Dec 13, 2010
Last week, the federal government warned its employees that the trove of diplomatic cables and other intelligence documents posted on WikiLeaks are still considered classified until they are officially declassified by an appropriate government agency. Employees and contractors who do business with the federal government were told that accessing this information on their work computers, personal computers, or portable devices was forbidden. When asked whether this meant employees would be fired for viewing the documents, a spokesperson for the Office of Management and Budget (OMB) ominously told CNN that such "breaches of protocols governing access to classified material are subject to applicable sanctions under long-standing and existing law."
The OMB warning didn't tell agencies to block employee access to the WikiLeaks site or other sites that posted the documents. But the Library of Congress did so anyway: Neither its employees nor its patrons may access the WikiLeaks site, according to the New York Times.
Now, the warning has been extended to those who aren't federal employees or contractors, but one day hope to be: Students at the Columbia School of International and Public Affairs, for example, were sent an email message from the career counseling office, informing that that an alumnus working in the State Department recommended "that you DO NOT post links to these documents nor make comments on social media sites such as Facebook or through Twitter. Engaging in these activities would call into question your ability to deal with confidential information, which is part of most positions with the federal government." (Check the whole message out here.) According to CNN, students at Georgetown and Boston University received similar messages.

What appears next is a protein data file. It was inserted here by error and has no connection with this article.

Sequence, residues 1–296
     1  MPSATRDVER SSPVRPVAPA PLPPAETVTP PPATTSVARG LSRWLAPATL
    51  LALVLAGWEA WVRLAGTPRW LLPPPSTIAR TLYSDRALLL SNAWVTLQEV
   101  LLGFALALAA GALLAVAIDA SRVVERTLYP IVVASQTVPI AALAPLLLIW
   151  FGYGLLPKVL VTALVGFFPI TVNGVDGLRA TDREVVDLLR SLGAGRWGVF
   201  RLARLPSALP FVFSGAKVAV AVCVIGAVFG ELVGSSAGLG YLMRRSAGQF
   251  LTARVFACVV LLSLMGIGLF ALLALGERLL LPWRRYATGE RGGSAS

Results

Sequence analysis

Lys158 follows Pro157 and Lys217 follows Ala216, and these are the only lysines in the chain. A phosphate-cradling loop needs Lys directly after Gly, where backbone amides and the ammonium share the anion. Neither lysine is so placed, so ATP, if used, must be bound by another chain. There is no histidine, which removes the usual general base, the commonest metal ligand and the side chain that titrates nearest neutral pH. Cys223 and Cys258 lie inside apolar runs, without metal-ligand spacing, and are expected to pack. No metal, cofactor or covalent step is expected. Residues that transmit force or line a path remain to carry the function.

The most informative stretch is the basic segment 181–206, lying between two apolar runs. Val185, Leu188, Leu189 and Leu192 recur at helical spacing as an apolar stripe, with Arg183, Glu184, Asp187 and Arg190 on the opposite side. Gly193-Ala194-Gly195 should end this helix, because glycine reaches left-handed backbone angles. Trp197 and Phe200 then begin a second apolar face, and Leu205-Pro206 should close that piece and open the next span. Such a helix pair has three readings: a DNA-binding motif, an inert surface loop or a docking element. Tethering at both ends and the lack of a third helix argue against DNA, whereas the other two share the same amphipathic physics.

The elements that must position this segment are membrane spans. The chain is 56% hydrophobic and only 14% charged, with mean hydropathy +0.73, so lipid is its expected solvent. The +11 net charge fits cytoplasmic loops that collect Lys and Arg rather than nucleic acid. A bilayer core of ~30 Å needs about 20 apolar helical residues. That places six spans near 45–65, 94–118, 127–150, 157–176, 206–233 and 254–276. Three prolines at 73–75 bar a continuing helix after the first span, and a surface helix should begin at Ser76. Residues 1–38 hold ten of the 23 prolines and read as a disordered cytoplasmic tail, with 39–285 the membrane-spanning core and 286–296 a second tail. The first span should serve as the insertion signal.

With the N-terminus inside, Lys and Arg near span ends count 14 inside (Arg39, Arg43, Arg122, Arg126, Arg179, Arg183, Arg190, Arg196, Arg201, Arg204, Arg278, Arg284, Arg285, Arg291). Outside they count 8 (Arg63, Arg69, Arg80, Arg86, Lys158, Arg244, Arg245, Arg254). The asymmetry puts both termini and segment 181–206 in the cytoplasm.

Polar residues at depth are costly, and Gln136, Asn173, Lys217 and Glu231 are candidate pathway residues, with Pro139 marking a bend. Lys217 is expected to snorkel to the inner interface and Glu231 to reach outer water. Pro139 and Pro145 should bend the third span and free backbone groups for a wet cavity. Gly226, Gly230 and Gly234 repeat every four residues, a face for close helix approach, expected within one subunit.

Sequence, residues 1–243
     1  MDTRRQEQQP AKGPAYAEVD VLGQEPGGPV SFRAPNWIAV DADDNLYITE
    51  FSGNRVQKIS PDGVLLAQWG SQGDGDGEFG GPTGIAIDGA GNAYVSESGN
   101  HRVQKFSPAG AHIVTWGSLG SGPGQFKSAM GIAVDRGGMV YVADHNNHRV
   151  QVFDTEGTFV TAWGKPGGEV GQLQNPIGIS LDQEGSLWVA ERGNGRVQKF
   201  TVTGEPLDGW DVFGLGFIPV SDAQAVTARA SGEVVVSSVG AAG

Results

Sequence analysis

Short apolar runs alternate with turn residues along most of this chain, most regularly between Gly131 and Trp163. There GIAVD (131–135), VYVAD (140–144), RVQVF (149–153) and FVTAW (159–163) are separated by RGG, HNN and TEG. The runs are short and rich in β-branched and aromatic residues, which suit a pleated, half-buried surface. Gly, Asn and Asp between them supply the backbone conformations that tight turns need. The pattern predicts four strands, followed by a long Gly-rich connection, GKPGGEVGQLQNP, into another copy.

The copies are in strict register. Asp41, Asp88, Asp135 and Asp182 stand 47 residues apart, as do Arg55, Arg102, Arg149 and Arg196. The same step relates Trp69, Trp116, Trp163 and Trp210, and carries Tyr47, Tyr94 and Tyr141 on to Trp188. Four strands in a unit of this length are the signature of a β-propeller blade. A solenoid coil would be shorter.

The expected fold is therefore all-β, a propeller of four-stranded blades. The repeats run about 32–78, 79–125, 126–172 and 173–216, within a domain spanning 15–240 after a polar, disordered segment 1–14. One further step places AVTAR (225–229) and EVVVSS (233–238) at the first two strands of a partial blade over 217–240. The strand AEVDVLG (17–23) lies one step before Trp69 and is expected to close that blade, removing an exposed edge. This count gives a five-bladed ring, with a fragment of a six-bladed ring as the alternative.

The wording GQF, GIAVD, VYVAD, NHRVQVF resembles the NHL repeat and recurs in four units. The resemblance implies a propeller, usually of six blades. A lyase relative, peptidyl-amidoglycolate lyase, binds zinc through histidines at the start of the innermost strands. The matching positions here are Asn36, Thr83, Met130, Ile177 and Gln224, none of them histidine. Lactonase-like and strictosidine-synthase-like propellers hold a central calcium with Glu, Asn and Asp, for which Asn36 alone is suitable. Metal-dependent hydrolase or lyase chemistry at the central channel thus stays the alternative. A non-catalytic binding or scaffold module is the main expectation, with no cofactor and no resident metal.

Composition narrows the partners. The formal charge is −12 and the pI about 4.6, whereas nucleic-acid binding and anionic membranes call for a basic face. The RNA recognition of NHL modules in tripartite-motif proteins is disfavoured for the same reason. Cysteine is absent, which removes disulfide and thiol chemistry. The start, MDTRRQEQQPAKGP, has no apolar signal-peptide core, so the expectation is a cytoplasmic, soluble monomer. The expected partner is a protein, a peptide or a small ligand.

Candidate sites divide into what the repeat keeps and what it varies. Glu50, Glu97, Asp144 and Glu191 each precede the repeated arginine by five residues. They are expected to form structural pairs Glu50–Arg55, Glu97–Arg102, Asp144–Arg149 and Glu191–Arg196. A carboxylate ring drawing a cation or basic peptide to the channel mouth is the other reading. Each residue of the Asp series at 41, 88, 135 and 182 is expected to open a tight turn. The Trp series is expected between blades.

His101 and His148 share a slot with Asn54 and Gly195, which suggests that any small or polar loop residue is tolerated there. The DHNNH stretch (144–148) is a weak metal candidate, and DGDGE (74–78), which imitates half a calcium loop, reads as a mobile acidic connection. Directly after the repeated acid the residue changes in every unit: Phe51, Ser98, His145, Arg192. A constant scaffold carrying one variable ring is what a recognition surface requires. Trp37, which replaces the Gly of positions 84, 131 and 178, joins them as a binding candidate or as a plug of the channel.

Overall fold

These warnings have led to a lot of lively online discussion about free speech and the importance of allowing open debate of ideas, particularly in an academic setting. They've also led to some talk about how private employers might treat the same issue, particularly whether an employer might be legally justified in firing or refusing to hire someone who posted links to WikiLeaks or supported the group's policies on social networking sites.
My two cents is that even though such a rule might be legal, it's tough to see why a company would want to go this route, given the resulting bad publicity and poor morale that would almost certainly result. Contrary to popular belief, the First Amendment protects us from governmental action or restriction only: It doesn't prohibit private employers from putting limits on speech. Other laws might, however. As I posted recently, the NLRB has said that private employers can't restrict employees from communicating with each other about the terms and conditions of employment, even if that communication takes place on a public website. And some states prohibit employers from taking action against employees based on their political beliefs, or on any legal activities they choose to engage in during their private time. In these states, a "no posting about WikiLeaks" rule wouldn't pass legal muster.